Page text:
Bumps in the Night

The Accutane story is all scare, and no science.

In the movie One-Eyed Jacks, Marlon Brando asks Marshall Karl Malden if he'll get a fair trial. "Oh sure, kid, sure," answers Malden, soothingly. "You're gonna get a fair trial. And then I'm gonna hang you! Personally!"

That pretty much sums up how everybody--but the patients themselves--have treated Roche Laboratories' acne drug Accutane.

Recently the capsules were back in the news after a 15-year-old St. Petersburg, Florida boy named Charles Bishop stole a light plane and flew it into the 28th floor of a 42-story Tampa building. A sample of the media coverage:

* CNN Live Today: "Tampa Authorities Say They Found Acne Drug Accutane at Home of Teen Pilot Charles Bishop"

* ABC's Good Morning America: "Charles Bishop May Have Used Accutane before Crash"

* United Press International: "Teen Pilot Had Accutane Prescription"

* Newsday: "Pilot's Acne Drug Linked to Suicides"

* And this one says it all, from London's "The Mirror: Plane Boy Drugs Link "

More bizarre yet: Police found a note on Bishop's body expressing sympathy for Osama bin Laden and support for the September 11 attacks.

Clearly something was troubling this young man, but it wasn't Accutane. As only a handful of media outlets bothered to report a week later, an autopsy showed no trace of the drug in the boy's system.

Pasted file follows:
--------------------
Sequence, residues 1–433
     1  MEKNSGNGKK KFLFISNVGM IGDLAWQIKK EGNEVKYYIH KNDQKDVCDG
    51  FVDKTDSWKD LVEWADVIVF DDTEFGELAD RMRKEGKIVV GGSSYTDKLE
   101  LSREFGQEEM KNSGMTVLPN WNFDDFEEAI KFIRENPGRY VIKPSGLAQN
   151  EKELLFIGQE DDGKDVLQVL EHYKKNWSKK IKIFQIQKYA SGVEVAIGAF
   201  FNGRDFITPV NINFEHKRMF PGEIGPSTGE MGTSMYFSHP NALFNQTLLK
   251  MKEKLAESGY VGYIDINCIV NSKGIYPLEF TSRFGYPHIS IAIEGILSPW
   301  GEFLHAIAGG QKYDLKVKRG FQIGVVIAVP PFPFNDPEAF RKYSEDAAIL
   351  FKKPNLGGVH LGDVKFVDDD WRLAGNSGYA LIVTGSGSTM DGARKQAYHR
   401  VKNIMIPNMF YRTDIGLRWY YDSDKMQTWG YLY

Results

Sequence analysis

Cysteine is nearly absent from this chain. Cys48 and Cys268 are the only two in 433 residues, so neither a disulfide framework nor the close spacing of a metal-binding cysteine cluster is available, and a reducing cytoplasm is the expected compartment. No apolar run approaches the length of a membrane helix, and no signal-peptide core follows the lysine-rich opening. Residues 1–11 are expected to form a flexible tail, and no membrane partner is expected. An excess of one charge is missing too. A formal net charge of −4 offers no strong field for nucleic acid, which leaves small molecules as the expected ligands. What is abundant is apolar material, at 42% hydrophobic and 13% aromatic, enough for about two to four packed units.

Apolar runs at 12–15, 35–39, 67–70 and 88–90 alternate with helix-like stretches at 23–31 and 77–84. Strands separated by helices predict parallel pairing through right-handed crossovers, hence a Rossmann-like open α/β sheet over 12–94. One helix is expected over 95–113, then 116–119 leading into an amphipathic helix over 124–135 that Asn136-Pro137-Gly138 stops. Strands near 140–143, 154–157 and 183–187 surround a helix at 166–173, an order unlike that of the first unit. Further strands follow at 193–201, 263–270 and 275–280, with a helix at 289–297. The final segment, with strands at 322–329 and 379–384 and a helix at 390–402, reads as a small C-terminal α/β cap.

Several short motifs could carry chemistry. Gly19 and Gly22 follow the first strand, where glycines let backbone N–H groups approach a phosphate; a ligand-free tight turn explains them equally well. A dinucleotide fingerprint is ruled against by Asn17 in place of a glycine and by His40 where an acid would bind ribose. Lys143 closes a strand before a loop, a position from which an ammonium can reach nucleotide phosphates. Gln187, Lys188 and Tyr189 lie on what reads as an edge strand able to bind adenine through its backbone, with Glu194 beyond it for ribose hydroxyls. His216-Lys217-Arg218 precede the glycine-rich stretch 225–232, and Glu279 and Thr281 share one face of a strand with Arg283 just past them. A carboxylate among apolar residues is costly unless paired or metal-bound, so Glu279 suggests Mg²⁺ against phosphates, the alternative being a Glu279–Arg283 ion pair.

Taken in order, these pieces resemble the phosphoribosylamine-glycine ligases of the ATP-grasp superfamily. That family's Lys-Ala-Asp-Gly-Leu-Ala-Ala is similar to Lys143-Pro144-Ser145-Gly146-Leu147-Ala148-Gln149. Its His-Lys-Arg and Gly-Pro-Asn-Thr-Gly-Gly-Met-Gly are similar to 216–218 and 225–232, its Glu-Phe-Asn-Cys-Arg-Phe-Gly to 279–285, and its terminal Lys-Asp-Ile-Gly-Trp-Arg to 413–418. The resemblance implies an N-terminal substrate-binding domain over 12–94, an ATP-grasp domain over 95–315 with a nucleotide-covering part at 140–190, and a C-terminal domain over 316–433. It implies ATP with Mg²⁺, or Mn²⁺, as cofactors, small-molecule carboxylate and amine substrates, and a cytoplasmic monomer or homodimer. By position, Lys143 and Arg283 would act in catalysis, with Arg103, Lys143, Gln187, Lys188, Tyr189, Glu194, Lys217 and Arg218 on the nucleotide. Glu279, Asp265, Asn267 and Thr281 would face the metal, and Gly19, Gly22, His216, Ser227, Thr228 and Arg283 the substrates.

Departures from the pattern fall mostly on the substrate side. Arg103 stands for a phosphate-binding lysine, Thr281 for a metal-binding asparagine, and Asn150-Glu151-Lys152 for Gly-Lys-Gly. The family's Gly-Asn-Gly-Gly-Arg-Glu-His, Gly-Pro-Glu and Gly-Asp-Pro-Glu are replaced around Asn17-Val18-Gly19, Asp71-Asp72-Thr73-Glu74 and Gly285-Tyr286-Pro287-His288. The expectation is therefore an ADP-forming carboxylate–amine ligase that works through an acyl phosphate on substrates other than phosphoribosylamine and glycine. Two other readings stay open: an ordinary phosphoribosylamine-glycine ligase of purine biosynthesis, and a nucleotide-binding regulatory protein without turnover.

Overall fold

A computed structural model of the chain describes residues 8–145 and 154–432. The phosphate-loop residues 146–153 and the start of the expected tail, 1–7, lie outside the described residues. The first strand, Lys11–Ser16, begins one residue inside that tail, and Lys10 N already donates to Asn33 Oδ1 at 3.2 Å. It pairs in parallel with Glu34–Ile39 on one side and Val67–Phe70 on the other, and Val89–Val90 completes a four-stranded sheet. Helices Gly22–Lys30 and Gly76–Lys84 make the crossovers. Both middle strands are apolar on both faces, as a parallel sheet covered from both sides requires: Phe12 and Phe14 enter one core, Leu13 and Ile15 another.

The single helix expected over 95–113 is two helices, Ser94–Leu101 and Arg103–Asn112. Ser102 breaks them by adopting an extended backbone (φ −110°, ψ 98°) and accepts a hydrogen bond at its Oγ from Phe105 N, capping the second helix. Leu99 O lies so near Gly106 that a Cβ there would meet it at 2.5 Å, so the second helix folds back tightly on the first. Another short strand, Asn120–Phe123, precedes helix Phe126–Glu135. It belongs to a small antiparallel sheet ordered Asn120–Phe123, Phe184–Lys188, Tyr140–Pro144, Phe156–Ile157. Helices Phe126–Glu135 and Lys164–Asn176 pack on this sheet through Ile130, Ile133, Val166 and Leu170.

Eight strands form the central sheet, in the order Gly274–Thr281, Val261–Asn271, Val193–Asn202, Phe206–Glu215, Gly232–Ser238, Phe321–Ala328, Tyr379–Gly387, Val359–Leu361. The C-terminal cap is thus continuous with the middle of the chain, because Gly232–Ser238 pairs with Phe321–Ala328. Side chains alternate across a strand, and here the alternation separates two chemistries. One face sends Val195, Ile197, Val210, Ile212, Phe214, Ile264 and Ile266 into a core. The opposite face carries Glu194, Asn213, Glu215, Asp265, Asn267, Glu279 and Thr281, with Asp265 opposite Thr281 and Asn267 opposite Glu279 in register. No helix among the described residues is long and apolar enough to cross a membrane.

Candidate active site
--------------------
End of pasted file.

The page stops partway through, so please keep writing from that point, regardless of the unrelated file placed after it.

Nonetheless, the story will add to the undeservedly bad reputation of a drug used by 5 million Americans and 7 million others worldwide since 1982 to combat one of the most disfiguring forms of acne, the "severe recalcitrant nodular" variety. Yet there's no evidence linking the drug to so much as a single suicide (much less support for international terrorism) unless you count non-causal associations, rumor, innuendo, and the efforts of lawyers and politicians.

Three things quickly sent Accutane down the road to infamy, despite clear evidence of its tremendous benefits to users. The first is that it was known from the beginning that Accutane is a powerful teratogen, meaning it causes birth defects. It's been labeled as such since its introduction, and Roche has worked aggressively (albeit not completely successfully) to prevent any woman who might possibly be pregnant or become so soon from getting a prescription.

Medically, teratogenicity has nothing to do with depression or thoughts of suicide. But this gave the drug immediate notoriety. From its launch, doctors were keeping a sharp eye out for any other possible serious side effect and reporting those possible connections to the FDA under its adverse event reporting system (AERS).

"When there's public awareness or publicity about a drug for any reason, there may be an increase in reports because people may not have otherwise thought about associations," points out FDA spokeswoman Kathleen Kolar. Nevertheless, she immediately adds that while "Accutane is safe and effective when used as directed, any drug that has had that many warnings does merit concern."

Hmm . . . In any case, this concern led the FDA to require that Roche warn on the drug's label that it may cause "depression, psychosis, suicidal ideation, suicide, and attempts at suicide." This in turn no doubt has and will lead to more adverse event reports.

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